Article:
Somebody expecting pornography would be grossly disappointed by this animated adventure; in my opinion. You know how they say you’ll recognize poronography when you see it? I do not think anyone could see it here. That’s because House Party isn’t a sex simulator. Sexual scenes account for less than 5% of the game’s content. Sex is a mechanic in House Party, much like driving a car or shooting a gun is a mechanic in Grand Theft Auto. It’s just something that the player can do, but the “reward” is the comedy that ensues on the player’s path. 

When it came time to implement the sex scenes, the thought did cross my mind to censor it, but then I thought, “Why?” It was 2015 when I began work on this title, and the most popular television show Game of Thrones had regular male and female full-frontal nudity alongside a plethora of other modern cultural taboos. People’s perceptions of nudity and sex in media have changed. They’re no longer acting like children when they come across it. Naked bodies grinding against each other (which is about all the House Party sex scenes animatedly show) seem to be normal in mainstream entertainment. So why self-censor? Wouldn’t people be, you know, into this?

If I had instead made killing everybody at the party in weird and gruesome ways the core mechanic of House Party, I doubt it would have even raised a single eyebrow. It wouldn’t even come close to measuring up to the violence and gore in games like Friday the 13th, Doom, or Mortal Kombat. Video games are fiction and are intended to be fantasy. They are not meant to be taken in the context of reality. Are people able to disconnect reality from violent entertainment? I would think that we’ve all agreed on that by this point. Unless you personally feel like you’re incapable of doing so. In which case perhaps you should stop? I don’t personally know any adults that believe they’re incapable of separating the two.

Why can’t people disconnect in the same way when they approach a game about sex? And why aren’t more developers writing games about sex? Part of the reason I chose to make House Party was because sex and physical relationships are such a staple of film and television, but grossly underrepresented in video games. 

It wouldn’t be so prevalent in other media if there wasn’t a demand for it. Why would we, as an industry, pretend that there isn’t?

When House Party first released to Early Access, a journalist reviewed the game on Rock Paper Shotgun. One of his criticisms included that the game might be misogynistic. I found that reductive since the game is choice-based. You can make crappy choices in House Party, which result (for the most part) in crappy outcomes, but you can also make better choices that can provide rewards. You can’t make a meaningful choice-based game without putting in reactions and outcomes to bad choices. In effect, I suppose I’m saying that the game is only misogynistic when you’re playing as a misogynist. Does it give you the option to do so? Yes.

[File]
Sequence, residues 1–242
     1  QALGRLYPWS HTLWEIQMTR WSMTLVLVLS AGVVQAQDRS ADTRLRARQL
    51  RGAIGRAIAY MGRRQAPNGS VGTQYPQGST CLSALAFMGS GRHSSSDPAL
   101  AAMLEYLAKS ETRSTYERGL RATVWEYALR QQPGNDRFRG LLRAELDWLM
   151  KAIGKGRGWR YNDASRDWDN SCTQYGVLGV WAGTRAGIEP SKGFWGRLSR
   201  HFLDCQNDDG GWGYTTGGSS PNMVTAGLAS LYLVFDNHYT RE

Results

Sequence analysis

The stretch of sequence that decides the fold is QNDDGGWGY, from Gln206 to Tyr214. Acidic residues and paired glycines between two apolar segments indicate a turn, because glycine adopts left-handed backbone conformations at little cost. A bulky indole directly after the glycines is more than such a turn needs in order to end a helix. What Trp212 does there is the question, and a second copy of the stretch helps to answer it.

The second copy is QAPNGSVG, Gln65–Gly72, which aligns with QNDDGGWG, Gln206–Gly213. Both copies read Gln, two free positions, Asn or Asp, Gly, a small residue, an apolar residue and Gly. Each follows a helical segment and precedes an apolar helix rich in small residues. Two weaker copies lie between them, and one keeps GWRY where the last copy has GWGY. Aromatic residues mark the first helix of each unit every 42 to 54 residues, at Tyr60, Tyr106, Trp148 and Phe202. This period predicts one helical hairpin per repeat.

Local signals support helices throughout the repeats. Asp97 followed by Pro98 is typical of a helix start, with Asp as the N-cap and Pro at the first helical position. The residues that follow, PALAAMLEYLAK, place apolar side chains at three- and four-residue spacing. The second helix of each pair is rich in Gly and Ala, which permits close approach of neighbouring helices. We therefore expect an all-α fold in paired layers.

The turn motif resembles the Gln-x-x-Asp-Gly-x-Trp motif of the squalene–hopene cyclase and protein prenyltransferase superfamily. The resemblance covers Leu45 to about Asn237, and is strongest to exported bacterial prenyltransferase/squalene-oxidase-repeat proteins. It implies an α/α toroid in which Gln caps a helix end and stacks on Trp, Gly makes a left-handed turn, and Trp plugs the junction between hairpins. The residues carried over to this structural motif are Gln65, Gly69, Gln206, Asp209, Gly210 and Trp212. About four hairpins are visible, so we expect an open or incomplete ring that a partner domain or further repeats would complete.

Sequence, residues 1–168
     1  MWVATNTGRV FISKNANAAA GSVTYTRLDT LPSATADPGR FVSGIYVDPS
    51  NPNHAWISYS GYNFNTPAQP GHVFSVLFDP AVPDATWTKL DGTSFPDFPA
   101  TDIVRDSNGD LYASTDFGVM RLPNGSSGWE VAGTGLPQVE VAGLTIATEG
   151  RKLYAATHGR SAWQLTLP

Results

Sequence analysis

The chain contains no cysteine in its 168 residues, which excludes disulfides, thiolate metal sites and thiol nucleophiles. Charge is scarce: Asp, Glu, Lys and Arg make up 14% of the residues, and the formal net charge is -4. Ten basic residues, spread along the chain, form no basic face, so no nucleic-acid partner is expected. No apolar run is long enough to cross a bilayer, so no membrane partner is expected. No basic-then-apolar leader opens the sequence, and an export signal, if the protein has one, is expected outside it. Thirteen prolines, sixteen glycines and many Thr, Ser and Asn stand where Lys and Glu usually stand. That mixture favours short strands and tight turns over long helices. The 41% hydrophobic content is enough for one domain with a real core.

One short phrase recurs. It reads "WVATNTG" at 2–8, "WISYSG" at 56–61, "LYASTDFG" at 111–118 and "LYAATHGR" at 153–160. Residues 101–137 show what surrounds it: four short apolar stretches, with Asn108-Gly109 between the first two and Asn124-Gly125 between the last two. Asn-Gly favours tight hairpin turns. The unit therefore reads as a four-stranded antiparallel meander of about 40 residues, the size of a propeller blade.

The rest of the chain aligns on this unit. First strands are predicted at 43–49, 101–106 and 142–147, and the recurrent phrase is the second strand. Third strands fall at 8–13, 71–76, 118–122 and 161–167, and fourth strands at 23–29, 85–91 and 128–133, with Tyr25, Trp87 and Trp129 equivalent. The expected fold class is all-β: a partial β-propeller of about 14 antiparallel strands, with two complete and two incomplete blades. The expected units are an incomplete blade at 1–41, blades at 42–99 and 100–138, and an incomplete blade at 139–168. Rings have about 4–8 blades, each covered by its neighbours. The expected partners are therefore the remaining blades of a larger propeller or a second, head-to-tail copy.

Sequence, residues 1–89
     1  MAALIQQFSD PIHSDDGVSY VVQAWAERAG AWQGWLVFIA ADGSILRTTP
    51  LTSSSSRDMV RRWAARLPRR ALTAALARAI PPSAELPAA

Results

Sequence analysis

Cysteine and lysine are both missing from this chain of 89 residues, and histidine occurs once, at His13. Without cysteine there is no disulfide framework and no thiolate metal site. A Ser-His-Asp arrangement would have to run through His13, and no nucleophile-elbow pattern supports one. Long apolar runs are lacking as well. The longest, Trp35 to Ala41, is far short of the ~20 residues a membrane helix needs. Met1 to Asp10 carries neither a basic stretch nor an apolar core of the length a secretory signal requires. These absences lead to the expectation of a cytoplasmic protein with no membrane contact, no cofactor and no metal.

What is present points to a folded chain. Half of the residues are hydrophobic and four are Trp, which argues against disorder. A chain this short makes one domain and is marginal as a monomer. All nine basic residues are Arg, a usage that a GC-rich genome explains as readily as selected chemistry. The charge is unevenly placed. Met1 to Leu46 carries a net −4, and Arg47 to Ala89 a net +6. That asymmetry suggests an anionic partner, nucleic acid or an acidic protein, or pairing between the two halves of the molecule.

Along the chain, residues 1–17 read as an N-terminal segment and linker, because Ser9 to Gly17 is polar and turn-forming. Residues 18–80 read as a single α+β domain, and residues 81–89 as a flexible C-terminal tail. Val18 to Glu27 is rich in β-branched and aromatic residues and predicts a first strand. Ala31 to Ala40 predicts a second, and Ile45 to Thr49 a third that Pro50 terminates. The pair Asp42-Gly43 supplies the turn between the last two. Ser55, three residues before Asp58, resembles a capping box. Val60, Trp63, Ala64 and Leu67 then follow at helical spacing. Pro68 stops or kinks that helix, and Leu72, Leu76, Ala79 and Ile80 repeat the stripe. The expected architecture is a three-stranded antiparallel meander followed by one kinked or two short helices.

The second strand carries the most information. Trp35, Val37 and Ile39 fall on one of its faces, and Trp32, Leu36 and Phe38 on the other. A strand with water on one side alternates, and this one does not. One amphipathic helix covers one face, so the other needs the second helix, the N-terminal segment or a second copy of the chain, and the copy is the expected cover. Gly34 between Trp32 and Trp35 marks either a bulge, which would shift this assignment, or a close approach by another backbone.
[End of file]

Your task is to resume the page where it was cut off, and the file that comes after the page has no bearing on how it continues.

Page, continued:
One thing the reviewer got right was that it was a bad game when he reviewed it. There is no denying that.

I was a solo developer moonlighting on the game for two years at that point. There was only so much I could do in that short amount of time, but it was a fun and quirky idea that I did hope would at least emotionally resonate with people. Now I have a team of eight and work with several other companies and contractors on further development. The game is looking, playing, and generally feeling much better. It’s a pleasant evolution to watch.

Could you read elements of misogyny in some of House Party’s content? I think insofar as much as you can read toxic behavior in a lot of mainstream stories about dating. It would be unreasonable to pretend that we live in a world where that doesn’t exist. In Grand Theft Auto, the player can choose to go on a murderous rampage because they feel like it, but that’s accepted in terms of giving a player choice. However, allowing the player to take his pants off would be a bridge too far. The NPCs in House Party don’t respond well to these types of actions in the game, obviously. It is again an attempt at crafting honest reactions to a series of choices. Yes, if you drop your pants out of nowhere, people are going to hate it. The option to make that choice is not inherently good or bad, but you absolutely understand how the cause and effect will play out.